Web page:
Farquhar Atoll - one of the most remote Outer Islands of the Seychelles, located in the middle of the Indian Ocean, not far north of Madagascar. A vast geological past lies behind this elevation of volcanic rock, creating a unique habitat for both land and marine life. However, a long history of commercial fishing and ecological exploitation overshadowed the fate of this incredibly fragile ecosystem for a long time. Luckily, in recent years, local authorities have started to protect it by implementing sustainable use practices.

The latest addition to our growing (Made In UK) range of high quality everyday fly boxes. The Streamer Max is a practical streamer box that stacks efficiently in your boat bag. It has ample head room to protect your largest streamers or foam dries. With doublesided slotted foam, there’s endless options for storing flies of all sizes. As a lightweight box that comes in three colours, it’ll become your go-to meat locker. Size: 18x27x6 cm.

Introducing the STREAMER MAX

As anglers, we see the



world differently

Thomas Weiergang

What Danish Fly Fishing Art Scene?

Unknowingly, you might have seen Thomas Weiergang’s paintings on moving, fabric canvasses when, randomly, coming across fellow fly fishermen. Huh? Danish fly fisherman and artist, Thomas Weiergang, is a house-hold name in Danish fly fishing circles, but abroad he might be best known for having provided fine trout and salmon artwork for several Simms t-shirts.

A true multi-talent, Thomas Weier gang has carved out a name for himself as a great and innovative fly fisherman, fly tyer, freelance writer, photographer, instructor, and artist. He’s just one of those guys, who does it all – with an apparent air of ease and genuineness about him.We’ve sat down with Thomas for a chat about his artwork, how he got into fly fishing, and how everything has, somehow, come together and formed his life.

somewhere, I have a very early draw ing of two crucian carp. I did have a camera at that time, but it wasn’t very good, so I just drew them instead, because, well, I was always drawing something anyway. I guess the syner gy between photography and painting has followed me ever since.

Have you developed a specific painting technique along the way?

Can you tell us a little bit about your background and how you got into painting?

I’m not trained in painting as such. I do have a degree – an MA, and teach arts at a high school. I guess the in terest came with the passion for an gling as such. I recall the urge to capture the overwhelming experience of holding a live, slimy fish in my hands from a very young age. In my folders,

I work with paper. Some works are made with acrylic paint alone, others are mixed media. Pen, colour pen cils, ink, pencil. I like to use whatev er technique fits the subject at hand. But I stick with the paper, because it allows me a degree of transparency in the acrylic paint as well as using ink and pen for details and such.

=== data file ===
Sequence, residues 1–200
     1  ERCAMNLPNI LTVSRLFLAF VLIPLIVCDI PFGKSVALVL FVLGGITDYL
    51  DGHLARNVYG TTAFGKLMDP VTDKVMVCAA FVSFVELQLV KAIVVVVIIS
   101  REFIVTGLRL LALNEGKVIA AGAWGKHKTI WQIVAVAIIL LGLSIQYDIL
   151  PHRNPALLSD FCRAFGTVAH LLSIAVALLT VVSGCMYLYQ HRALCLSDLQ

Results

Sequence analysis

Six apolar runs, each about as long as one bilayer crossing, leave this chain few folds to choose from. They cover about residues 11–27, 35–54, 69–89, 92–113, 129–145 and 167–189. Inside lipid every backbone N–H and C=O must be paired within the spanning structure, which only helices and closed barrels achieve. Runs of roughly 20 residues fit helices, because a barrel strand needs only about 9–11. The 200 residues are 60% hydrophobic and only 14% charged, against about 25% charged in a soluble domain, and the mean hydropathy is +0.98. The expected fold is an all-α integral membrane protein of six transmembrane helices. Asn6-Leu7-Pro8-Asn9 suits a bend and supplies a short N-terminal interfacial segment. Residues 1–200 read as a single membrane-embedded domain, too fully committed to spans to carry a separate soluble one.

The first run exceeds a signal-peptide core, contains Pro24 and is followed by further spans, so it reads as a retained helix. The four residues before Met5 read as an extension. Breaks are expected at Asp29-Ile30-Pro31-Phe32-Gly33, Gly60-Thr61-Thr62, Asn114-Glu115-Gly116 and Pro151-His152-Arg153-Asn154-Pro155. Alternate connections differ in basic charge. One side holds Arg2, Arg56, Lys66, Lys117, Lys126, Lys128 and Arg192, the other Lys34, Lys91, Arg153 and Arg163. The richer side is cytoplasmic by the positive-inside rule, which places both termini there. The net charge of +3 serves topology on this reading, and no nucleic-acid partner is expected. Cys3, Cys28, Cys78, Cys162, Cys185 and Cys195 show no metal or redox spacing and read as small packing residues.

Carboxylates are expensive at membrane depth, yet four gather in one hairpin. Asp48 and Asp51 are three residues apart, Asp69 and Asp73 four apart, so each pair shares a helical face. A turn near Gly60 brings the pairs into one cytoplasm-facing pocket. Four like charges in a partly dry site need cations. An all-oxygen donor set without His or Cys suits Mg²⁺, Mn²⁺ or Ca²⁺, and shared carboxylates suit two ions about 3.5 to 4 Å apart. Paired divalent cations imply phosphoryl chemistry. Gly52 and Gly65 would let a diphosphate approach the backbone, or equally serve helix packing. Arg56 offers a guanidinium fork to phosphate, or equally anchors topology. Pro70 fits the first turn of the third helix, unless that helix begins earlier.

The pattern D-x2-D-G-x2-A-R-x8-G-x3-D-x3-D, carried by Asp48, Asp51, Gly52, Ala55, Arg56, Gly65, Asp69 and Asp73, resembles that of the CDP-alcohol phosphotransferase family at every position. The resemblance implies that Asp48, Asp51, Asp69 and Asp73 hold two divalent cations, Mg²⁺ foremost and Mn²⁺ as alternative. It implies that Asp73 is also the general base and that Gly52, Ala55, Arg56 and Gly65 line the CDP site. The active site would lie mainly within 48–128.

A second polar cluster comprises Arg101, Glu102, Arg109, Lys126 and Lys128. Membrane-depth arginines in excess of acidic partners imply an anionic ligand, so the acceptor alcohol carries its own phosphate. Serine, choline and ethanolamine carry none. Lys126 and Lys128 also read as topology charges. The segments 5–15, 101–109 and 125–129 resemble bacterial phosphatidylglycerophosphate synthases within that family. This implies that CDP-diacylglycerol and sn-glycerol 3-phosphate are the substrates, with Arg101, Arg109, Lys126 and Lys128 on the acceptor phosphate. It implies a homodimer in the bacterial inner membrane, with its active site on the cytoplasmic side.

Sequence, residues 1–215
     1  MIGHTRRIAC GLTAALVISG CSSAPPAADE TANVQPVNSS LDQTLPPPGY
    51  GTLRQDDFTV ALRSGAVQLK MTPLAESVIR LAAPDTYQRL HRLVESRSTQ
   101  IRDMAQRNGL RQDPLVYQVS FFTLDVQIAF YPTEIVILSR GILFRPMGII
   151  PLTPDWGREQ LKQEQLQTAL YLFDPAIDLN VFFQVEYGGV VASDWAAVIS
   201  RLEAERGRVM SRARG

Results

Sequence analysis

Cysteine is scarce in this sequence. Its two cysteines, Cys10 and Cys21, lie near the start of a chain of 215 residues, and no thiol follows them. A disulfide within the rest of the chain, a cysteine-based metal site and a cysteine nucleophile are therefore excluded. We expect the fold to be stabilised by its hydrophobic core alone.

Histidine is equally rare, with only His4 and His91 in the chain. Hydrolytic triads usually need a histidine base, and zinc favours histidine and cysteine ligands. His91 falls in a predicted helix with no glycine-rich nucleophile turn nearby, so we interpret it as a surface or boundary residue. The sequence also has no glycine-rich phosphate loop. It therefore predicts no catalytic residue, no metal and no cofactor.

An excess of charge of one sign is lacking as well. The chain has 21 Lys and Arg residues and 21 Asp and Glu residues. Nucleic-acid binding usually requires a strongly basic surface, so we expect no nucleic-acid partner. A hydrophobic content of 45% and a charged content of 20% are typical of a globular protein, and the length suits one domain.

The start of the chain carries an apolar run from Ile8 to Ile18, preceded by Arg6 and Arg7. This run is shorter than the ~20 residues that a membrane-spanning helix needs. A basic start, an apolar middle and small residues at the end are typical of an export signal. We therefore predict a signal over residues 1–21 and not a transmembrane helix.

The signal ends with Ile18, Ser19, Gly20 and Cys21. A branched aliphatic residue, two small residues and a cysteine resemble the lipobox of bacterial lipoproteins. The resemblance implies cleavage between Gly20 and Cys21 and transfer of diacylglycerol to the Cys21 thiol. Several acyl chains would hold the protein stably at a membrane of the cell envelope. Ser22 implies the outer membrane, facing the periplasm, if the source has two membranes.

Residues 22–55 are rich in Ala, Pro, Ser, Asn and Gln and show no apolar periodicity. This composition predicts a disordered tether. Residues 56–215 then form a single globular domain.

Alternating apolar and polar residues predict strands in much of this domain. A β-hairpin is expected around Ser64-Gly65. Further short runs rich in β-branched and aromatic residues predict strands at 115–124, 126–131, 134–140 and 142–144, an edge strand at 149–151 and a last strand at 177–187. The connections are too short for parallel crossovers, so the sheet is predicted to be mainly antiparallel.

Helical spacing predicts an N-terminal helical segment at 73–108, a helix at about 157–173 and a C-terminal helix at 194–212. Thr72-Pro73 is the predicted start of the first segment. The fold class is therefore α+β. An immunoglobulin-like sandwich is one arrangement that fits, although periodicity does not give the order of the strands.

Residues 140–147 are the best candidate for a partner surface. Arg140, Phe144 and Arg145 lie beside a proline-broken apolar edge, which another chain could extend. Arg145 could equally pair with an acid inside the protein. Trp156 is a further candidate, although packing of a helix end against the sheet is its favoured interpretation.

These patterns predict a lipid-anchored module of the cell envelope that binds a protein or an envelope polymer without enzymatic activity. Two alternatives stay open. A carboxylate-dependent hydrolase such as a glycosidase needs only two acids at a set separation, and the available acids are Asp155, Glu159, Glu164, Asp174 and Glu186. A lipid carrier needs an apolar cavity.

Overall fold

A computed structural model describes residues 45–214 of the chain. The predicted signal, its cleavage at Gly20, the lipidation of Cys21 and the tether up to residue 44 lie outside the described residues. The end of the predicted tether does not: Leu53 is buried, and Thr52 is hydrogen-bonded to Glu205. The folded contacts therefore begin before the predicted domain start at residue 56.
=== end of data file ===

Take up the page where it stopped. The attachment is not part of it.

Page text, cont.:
But paper is a tough material to use, because so many things can go wrong. It’s very hard to correct mistakes. But I like the honesty in that.

What has compelled you to paint fish and fly fishing motives?

Well, how about this counter ques tion: What compels us to celebrate the quarry we spend so many hours thinking about? I recently saw some cave paintings in a copy of a Nation al Geographic issue from 1967. Why did the hunter-gatherers paint their prey and themselves on a hunt?

Maybe the paintings are representa tions of their hopes and dreams; the successful killing of an animal. May be they painted a great and success ful hunt in order to celebrate and remember their catch? Perhaps they were trying to please and worship their gods that way.

I really don’t know why the urge to paint fish sometimes takes hold of me. Maybe I’m just primitive in that respect?

What’s the fly fishing art scene like in Denmark?

What Danish fly fishing art scene? I guess there used to be a Scandinavi an scene with the Swedes leading the way. If there is one today, I’m left in the dark. But really the flyfishing art

scene, today, is global. I find great pleasure and inspiration in following artists from all over the globe on In stagram.

How did you get started fly fishing and why?

Nobody actually taught me to fly fish. I just made a note of what the heroes of the day were doing by reading all I could, and then started out…

My first attempts were in a very small, treelined creek, where I tried to catch browns and rainbow trout on dry flies. It was a tough place to practice but I, somehow, got the hang of it. At that age, I was limited to waters I could ride my bike to. Later, I joined my local sportfishing club and was able to try flyfishing in different Danish waters: The larger rivers out west and coastal flyfishing for searun brown trout.